By Applaudo Studios

2020-10-20

Tags

Development

The rise of managed Kubernetes

Why use a managed Kubernetes service? In this blog, you’ll find the answer!

It goes without saying that Kubernetes has become the de facto container orchestrator and it’s evolving in a way that people are starting to call it the operating system of the cloud. Some say this is already the case and not just for the cloud but also for on-premise/data centers environments.

Over the last couple of years, a race has been going on and has involved all major cloud providers, including AWS, Azure, GCP, IBM, and even DigitalOcean. The main goal for all of them? Run Kubernetes workloads into their own managed Kubernetes service. The winner is yet to be declared and the race itself is tight and fully dominated by the big players in the market.

While most managed Kubernetes services have been around for fewer than three years, one offering was well ahead of this. Given that Kubernetes was originally developed at Google, it’s not a surprise that Google Kubernetes Engine (GKE) is far away from its competitors by at least three years, being released in 2015. Its largest competitors, AKS and EKS, both launched in 2018. Thanks to this, GKE has a great head-start that is still noticeable today in the platform’s maturity and all the features that are supported within the GCP Ecosystem.

Welcome KaaS 

As the author of the fantastic book “Cloud Native with Kubernetes” said in one of the chapters, “The smartest thing to do when running Kubernetes workloads is to pay an extra amount of money and let the smartest people handle and manage the entire complexity of Kubernetes”.

Well, that’s not precisely what he said, but in a way it was.

What the author was trying to say was that implementing Kubernetes is tough. Trust me on this one. Not just the implementation part but also the maintenance and achieving stability and reliability of all the running components. As well as the applications running in the different types of Kubernetes objects (Deployments, DeamonSets, etc). 

Ok but, what is Kubernetes as a Service?

It’s a method to manage the infrastructure, networking, storage, and even updates of all the Kubernetes systems. It ensures rapid delivery, scalability, and accessibility of it. In the simplest terms, it’s an evolution of Kubernetes technology that ensures easy deployment, optimized operations, and “infinite” scalability of Kubernetes, out of the box.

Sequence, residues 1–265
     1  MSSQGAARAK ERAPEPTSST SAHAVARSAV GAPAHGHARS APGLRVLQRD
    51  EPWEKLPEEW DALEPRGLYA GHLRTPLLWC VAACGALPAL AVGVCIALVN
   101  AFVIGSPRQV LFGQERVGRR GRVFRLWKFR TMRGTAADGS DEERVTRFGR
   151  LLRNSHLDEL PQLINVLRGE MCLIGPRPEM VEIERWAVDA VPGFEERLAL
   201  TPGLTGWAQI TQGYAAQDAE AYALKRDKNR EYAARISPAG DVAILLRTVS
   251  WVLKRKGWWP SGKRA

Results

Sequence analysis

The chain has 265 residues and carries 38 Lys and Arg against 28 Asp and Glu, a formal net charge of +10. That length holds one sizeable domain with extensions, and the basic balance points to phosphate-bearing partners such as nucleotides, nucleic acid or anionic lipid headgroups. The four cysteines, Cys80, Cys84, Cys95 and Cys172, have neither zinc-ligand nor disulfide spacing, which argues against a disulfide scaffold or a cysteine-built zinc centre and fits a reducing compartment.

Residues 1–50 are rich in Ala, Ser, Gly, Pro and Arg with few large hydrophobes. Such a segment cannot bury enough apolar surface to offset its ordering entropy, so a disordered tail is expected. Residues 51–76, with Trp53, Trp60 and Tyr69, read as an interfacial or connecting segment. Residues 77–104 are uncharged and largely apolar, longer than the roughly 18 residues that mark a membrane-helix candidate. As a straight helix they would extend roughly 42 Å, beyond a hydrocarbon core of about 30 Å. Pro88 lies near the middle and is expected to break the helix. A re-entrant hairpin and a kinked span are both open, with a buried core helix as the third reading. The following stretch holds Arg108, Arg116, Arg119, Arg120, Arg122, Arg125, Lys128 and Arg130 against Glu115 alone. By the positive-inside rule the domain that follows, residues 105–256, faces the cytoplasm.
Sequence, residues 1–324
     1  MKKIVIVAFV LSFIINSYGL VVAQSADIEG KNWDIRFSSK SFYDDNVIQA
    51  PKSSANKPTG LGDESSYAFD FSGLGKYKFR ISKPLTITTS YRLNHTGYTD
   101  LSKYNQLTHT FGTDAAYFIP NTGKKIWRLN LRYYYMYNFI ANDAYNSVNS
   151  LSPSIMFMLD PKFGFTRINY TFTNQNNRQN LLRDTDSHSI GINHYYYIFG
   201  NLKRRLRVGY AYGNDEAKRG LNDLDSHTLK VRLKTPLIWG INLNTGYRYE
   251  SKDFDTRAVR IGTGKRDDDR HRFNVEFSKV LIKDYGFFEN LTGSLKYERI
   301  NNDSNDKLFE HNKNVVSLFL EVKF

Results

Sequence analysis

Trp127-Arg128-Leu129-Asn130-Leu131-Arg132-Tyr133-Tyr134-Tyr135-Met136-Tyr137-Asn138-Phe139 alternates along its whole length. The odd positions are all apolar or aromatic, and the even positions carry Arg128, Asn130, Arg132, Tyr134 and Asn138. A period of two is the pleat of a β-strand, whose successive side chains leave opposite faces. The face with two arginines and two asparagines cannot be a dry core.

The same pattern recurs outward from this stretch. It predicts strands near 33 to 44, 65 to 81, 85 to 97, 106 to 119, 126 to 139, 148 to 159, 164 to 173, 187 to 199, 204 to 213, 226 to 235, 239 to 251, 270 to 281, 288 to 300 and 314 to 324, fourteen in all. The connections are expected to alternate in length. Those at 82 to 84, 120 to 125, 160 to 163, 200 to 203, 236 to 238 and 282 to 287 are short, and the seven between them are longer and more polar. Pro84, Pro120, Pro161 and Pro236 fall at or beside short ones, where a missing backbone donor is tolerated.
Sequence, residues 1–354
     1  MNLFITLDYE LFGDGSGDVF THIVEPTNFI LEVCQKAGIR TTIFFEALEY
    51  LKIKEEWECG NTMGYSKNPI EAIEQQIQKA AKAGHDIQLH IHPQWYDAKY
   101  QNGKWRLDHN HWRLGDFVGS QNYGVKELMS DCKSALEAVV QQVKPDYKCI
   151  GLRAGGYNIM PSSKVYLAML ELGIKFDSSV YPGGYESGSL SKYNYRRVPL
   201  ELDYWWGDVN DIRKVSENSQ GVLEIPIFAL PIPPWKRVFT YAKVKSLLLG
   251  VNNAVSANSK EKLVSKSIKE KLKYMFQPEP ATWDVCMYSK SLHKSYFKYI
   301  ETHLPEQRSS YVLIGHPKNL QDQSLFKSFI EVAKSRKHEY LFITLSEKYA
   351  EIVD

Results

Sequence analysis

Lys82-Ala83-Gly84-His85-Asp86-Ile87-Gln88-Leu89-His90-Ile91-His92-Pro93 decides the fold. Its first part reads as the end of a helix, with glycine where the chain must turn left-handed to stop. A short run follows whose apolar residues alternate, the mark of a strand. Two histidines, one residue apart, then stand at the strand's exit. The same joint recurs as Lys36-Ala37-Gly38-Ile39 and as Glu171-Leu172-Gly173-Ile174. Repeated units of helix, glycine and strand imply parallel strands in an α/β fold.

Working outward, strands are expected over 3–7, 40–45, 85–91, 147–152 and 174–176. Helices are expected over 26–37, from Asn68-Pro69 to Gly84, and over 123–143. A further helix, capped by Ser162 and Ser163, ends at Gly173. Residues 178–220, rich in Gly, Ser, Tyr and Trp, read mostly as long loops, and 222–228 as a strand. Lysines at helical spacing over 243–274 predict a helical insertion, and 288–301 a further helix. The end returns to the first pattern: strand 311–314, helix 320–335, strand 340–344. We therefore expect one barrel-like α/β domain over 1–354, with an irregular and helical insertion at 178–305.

As a Certified Kubernetes Administrator, I’ve had the opportunity to work on multiple setups of Kubernetes dealing with different flavors and installations/setups, from local Raspberry Pis, On-premises servers, multi-cloud federated clusters, and multi-region cluster. Let me tell you, there are a lot of benefits of using KaaS but as for my experience these ones are my “favorites”:

Security

Deployment of the Kubernetes cluster can be easy once we understand the service delivery ecosystem and data center configuration. However, this can lead to open tunnels for external malicious attacks.

With KaaS, we can have policy-based user management so that users of infrastructure get proper permission to access the environment based on their business needs. Normal Kubernetes implementation on the cloud exposes the API servers to the internet, inviting attackers to break into servers. With KaaS, some vendors enable the best security options to hide the Kubernetes API server and restrict the actual access to it.

Scaling of infrastructure

With KaaS in place, IT infrastructure can scale rapidly. It is possible due to the high-level automation provided with KaaS. This saves a lot of time and bandwidth for the admin team (DevOps teams). Autoscaling in the cloud is one of the best things that ever happen to the IT world!

Serverless

Major cloud providers are now moving towards Serverless services and Kubernetes is not far behind. In a nutshell, it’s the ability to run serverless compute for containers. It removes the need to provision and manage servers. In Kubernetes lingo: Worker Nodes. It lets you specify and pay for resources per application, and improves security through application isolation by design.

Increased operational efficiency

For me, this is the most important one. Having the entire Kubernetes Operative system managed, updated, and provisioned by the cloud provider. You, as the DevOps engineer, or the person in charge of the Kubernetes clusters, can now rely on built-in automated provisioning, repair, monitoring, and scaling that at the end of the day minimizes infrastructure maintenance of all sorts of types.

The Sellers

As previously mentioned, there are already some sellers well established in the KaaS market, and they are all about competition when it comes to choosing their own Kubernetes managed service.

#1 Amazon Elastic Kubernetes Service (EKS) is a managed Kubernetes offering from AWS. It is based on the key building blocks of AWS such as Amazon Elastic Compute Cloud (EC2), Amazon EBS, Amazon Virtual Private Cloud (VPC), and Identity Access Management (IAM). AWS also has an integrated container registry in the form of Amazon Elastic Container Registry (ECR), which provides secure, low latency access to container images.